Living a creative dream – an artist’s statement


The Tower Gallery and all our buildings are constructed from repurposed and recycled materials and offer a range of enjoyable and informative experiences, including musical performances, workshops, camps, peaceful retreats, and a variety of artistic and cultural events. We welcome you to come and experience the creative vision we are bringing to life at the Tower Gallery and our cultural compound.

As you can see from the distinctive design and construction of The Tower Gallery, I am a folk artist with a deep interest in architecture, as well as sculpture, photography, painting, drawing and digital art. In my architectural designs, I strive to create structures that are not only visually striking, but also environmentally friendly, by using recycled and repurposed materials. I believe that by giving new purpose to discarded objects, we can not only minimize waste and protect the environment, but also create one-of-a-kind and meaningful works of art. My passion for folk art architecture and folk art itself has been a significant part of my artistic journey for many years. The structures at The Tower Gallery are both folk art and filled with folk art.


As a portrait artist and folk artist, I am driven by a desire to celebrate the diversity of people and the rich traditions, cultures, and natural wonders of both my local community and the world. In SWLA, I aim to create a unique, captivating world through my art, structures, and photography that reflect the values, inspiration and experiences of those around me. My ultimate goal is to contribute to a vision of a more beautiful, enjoyable and harmonious world through my art and cultural activities.

My work has a distinct and recognizable style, particularly in my watercolor and charcoal portraits. I believe that my Mandala Photography technique is also unique, and that it is easy to identify it as my own. I consider myself an eclectic folk artist, drawing inspiration from a wide range of sources and blending elements of handmade art with compositions of new, synthetic, or recycled components. I take inspiration from known and unknown artists, interpreting and translating what I like from the folk art I’ve seen and admired. Using my ever-developing skills, I experiment with digital tools to create new, original images that excite me. Since I use a wide variety of artistic styles and digital techniques in my digital art and folk art prints, it may be difficult for others to identify it as my own. Therefore, I have begun digitally signing my original digital folk art prints with a copyright like this: © JIM PHILLIPS.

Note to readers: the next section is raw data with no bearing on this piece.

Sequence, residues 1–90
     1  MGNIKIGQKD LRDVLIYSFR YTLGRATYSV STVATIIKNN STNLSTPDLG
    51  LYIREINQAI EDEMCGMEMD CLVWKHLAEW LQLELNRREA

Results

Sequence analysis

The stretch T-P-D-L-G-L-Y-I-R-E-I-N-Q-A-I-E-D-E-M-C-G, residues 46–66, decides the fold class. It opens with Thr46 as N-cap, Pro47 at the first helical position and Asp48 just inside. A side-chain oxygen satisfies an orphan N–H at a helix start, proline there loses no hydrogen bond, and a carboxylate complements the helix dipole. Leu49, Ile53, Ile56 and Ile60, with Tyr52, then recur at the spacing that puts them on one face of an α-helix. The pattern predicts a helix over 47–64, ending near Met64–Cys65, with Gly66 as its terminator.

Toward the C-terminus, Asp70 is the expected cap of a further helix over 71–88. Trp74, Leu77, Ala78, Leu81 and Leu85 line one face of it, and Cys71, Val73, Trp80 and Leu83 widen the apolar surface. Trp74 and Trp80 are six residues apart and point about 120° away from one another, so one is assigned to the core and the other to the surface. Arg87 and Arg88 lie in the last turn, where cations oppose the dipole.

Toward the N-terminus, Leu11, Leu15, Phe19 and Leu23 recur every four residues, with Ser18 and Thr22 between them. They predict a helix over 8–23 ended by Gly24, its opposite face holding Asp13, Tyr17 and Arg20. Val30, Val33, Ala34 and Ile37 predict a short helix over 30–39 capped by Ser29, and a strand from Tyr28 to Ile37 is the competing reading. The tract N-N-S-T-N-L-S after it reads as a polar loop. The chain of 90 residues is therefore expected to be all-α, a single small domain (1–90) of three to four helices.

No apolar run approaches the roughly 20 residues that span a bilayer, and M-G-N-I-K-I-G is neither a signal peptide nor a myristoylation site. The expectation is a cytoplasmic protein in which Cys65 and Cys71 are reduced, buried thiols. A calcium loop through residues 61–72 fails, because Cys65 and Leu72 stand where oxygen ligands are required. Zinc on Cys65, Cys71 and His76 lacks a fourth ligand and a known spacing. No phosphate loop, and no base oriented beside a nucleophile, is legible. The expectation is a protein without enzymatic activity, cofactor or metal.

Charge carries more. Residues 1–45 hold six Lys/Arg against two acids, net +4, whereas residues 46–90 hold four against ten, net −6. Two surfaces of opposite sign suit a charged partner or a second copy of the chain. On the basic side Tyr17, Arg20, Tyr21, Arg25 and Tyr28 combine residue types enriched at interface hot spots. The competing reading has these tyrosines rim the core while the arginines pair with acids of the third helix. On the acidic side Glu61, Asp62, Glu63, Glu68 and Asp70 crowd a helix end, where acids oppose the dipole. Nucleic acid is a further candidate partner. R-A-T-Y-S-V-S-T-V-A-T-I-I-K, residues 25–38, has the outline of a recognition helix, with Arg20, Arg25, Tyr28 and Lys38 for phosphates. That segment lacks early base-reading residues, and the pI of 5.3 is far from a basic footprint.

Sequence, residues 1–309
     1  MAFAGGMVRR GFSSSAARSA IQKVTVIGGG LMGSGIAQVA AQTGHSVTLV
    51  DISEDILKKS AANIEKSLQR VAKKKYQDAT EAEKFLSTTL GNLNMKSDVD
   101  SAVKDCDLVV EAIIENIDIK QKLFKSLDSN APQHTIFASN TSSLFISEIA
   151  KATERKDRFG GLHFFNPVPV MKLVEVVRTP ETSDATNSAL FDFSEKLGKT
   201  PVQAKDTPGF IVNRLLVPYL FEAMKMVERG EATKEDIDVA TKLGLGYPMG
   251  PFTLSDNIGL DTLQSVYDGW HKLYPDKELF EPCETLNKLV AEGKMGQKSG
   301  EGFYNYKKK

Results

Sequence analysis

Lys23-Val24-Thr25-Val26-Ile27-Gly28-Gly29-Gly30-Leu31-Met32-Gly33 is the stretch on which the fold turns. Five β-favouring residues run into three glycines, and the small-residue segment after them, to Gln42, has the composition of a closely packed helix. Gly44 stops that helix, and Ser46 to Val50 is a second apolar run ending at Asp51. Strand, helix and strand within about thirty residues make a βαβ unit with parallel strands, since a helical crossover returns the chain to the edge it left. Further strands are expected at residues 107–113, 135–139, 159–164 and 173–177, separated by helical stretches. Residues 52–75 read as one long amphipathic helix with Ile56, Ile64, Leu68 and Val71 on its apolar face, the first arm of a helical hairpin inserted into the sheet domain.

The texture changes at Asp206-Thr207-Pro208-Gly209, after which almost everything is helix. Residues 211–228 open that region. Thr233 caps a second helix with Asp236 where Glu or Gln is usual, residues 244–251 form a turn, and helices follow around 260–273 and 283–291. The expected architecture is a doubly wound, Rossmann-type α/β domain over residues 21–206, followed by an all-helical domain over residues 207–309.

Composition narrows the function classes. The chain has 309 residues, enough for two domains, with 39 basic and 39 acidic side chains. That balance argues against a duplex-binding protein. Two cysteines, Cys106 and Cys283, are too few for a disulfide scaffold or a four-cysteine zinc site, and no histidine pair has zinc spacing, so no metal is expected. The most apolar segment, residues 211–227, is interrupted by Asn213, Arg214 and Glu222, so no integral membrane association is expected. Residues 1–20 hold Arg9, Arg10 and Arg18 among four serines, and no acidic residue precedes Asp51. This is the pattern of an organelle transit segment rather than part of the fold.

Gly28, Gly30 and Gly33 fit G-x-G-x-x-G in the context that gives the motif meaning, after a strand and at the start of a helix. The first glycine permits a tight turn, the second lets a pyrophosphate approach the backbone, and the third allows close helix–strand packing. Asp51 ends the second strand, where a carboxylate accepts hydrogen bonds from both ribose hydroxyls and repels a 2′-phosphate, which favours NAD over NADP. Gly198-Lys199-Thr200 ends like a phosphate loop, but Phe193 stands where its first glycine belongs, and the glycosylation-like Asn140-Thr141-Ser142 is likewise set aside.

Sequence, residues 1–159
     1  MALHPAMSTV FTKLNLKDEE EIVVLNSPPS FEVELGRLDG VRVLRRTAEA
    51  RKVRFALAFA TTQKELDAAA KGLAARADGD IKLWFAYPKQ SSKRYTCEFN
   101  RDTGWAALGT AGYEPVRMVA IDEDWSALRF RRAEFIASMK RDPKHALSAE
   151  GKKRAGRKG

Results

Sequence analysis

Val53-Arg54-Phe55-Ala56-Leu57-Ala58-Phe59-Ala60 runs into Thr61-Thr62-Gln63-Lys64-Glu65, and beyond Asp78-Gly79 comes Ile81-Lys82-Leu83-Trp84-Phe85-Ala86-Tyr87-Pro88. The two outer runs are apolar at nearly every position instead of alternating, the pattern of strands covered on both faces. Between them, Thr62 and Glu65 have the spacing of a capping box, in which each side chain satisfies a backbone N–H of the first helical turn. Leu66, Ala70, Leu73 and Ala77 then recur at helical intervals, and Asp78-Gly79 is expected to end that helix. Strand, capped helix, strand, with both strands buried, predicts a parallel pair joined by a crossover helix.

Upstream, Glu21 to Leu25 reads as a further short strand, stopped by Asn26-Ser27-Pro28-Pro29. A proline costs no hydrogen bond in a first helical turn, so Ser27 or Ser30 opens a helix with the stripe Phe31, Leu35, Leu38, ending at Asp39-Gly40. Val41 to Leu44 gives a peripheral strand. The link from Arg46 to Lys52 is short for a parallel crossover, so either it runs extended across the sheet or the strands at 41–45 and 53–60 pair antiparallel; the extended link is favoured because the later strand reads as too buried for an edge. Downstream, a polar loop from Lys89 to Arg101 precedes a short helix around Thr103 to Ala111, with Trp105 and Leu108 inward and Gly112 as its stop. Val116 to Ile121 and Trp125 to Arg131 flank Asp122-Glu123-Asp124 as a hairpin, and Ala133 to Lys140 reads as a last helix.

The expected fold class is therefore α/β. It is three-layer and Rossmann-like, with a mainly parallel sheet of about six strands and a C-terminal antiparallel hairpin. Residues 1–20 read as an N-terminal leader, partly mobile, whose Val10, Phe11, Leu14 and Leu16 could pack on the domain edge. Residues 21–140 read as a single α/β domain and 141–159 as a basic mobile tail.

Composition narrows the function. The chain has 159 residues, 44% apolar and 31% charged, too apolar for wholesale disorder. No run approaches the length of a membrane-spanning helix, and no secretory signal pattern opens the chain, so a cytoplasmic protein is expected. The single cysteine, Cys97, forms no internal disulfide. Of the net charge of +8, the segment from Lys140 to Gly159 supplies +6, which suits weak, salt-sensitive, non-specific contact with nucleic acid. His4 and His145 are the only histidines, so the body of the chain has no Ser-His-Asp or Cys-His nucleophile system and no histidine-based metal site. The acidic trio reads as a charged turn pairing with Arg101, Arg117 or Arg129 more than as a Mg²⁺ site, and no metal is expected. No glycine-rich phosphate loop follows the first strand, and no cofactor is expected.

My Folk Art Prints showcase a diverse range of traditional cultures, natural environments and traditions from around the world. My creation process is unique, as it combines traditional techniques with modern technology. I use a combination of watercolor, charcoal, digital manipulation and photography to create my images. I also use my finger on a touchpad or a digital stylus to paint digitally on my laptop. I strive to create light-hearted and humorous works that celebrate diversity and bring joy to those who view them. I spend a lot of time experimenting with digital art, and find it to be a magical extension of my hand and perceptual skills. I use computer software to refine and manipulate my images and then send the digital files to a professional printer to be printed on a variety of surfaces, such as museum-quality paper, canvas or metal, and then shipped to fans worldwide.